SAN FRANCISCO - In a deal that will make it a major player in Texas, BankAmerica Corp. has agreed to buy most of the operations of Dallas-based First Gibraltar bank.

BankAmerica will pay First Gibraltar's owner, MacAndrews & Forbes Holdings Inc., about $110 million in cash and stock to acquire 130 branches and about $7.5 billion in deposits.

That represents a premium of roughly 1.5%, a spokesman said. The final purchase price will be based on a complex formula linked to interest rates and several other factors.

Gains for McAndrews & Forbes

Following the acquisition, BankAmerica's Texas unit will have nearly 260 retail offices and about $11 billion in deposits. That will give the company the second-largest branch system and make it the fourth-largest deposit holder in the Lone Star State.

MacAndrews & Forbes, a private company controlled by investor Ronald O. Perelman, will keep most of First Gibraltar's assets, its mortgage company, and a unit that sells problem assets for the federal government. It will also keep First Gibraltar's federal savings bank charter and four branches.

A MacAndrews spokesman declined to explain why the group is keeping the charter, assets, and operations.

But sources familiar with the deal said the terms reflect MacAndrew's desire to preserve the tax advantages and other benefits it got when it bought First Gibraltar from the federal government.

First Gibraltar is a savings bank made up of five failed thrifts that regulators combined and sold to MacAndrews for about $315 million in 1988.

Hefty Profits for Perelman

As part of the agreement, the Perelman group got roughly $900 million in tax breaks plus loan-servicing agreements and contracts providing guaranteed yields on problems assets.

Although Congress later forced regulators to trim the deal's benefits, it still has provided hefty profits.

While the sales price to BankAmerica is relatively low, the Perelman group's ultimate return on investment will be substantial when benefits and proceeds of an expected sale of the mortgage unit are considered.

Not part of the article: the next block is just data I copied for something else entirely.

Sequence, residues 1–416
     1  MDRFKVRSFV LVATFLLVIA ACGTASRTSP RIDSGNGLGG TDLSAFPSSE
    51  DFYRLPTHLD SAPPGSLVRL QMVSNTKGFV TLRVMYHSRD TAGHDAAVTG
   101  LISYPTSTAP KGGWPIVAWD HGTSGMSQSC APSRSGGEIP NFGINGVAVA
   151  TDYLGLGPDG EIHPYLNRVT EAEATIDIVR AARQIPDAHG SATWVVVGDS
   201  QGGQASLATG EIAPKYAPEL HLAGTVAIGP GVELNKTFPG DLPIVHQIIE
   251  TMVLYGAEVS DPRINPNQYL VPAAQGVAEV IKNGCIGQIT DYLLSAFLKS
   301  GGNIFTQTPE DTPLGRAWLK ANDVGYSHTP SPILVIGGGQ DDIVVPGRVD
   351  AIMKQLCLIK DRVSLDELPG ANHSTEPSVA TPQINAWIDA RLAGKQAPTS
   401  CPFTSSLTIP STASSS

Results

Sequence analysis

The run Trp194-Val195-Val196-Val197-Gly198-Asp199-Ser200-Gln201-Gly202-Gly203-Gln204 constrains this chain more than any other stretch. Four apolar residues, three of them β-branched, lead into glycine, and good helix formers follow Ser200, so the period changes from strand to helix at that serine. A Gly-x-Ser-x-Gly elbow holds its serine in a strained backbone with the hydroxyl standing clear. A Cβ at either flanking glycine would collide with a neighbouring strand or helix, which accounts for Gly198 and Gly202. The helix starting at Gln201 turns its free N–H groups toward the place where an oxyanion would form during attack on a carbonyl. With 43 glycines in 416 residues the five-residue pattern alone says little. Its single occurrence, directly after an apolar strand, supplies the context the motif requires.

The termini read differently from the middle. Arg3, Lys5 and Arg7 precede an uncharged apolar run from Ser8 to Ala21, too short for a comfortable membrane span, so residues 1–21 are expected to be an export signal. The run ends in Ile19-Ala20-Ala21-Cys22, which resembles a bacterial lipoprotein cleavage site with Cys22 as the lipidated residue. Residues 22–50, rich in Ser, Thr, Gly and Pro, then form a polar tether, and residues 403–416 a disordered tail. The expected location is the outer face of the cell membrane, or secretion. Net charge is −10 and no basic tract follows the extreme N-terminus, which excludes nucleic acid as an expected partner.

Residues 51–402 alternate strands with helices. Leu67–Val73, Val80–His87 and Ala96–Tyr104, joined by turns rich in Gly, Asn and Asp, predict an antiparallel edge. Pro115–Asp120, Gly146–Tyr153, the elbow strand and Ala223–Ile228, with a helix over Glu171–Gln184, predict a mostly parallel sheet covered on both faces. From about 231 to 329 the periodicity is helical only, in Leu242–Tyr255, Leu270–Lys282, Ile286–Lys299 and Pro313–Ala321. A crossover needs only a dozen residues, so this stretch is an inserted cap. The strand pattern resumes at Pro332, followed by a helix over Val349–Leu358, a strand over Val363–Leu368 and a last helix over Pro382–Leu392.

Because MacAndrews is privately held, analysts said they are unable to calculate the return precisely. "But it's been lucrative," said Frank W. Anderson, an analyst with Stephens Inc., Little Rock, Ark.

Tough Negotiating Stance

Sources familiar with the negotiations said the Perelman group's insistence on preserving its benefits made the talks longer and harder than BankAmerica expected.

"There was a discussion about every word in the agreement," said one source. "Up until Friday, they were still haggling about whether the price would appear in the release."

On MacAndrew's demand terms were not disclosed in the acquisition announcement, although BankAmerica has made them available.

Priority on Texas

After completing its acquisition of Security Pacific Corp. earlier this year, BankAmerica has said that building its Texas unit is its top expansion priority.

Buying First Gibraltar's branches and deposits triples the size of BankAmerica's Texas unit, which is currently an also-ran among banks in the state.

However, the company is buying only $640 million of First Gibraltar's consumer loans and $225 million of its business and commercial real estate credits.

So while BankAmerica will finally be operating on the scale it has wanted, it faces a tough challenge to turn a motley assortment of failed thrift branches into a profitable commercial bank.

Specifically, it will be short of loans and lack an adequate commercial lending infrastructure.

Larry McNabb Tapped

"This is a long-term investment," said Lawrence Cohn, analyst with PaineWebber Inc. "It's difficult to see any nearterm payoff."

To run the Texas unit, BankAmerica has tapped Tennessee native and consumer banking specialist Larry McNabb, who is currently supervising the consolidation of the BankAmerica and Security Pacific Corp. branch banking operations.

Formerly head of BankAmerica's California branch system, which he describes as "one of the most fun jobs I ever had," Mr. Mcnabb, 43, is considered a rising star in the company.

But he lost the California branch job to Liam McGee, another young executive who had previously served as head of Security Pacific's California branch operations.

The only other Bank of America Texas appointment announced so far is David Berry, 41, currently chairman and chief executive who will become president and chief operating officer.

Emphasis on Retail

Mr. McNabb said BankAmerica's retail and small-business emphasis in Oregon and Arizona are "good models" for what the company will do in Texas.

In Arizona and Oregon, the company has concentrated on building retail operations but has yet to make serious inroads in the business banking markets.

First Gibraltar's two top managers, chairman and chief executive Gerald J. Ford and president chief operating officer Carl B. Webb, have not yet announced their plans, a company spokesman said.

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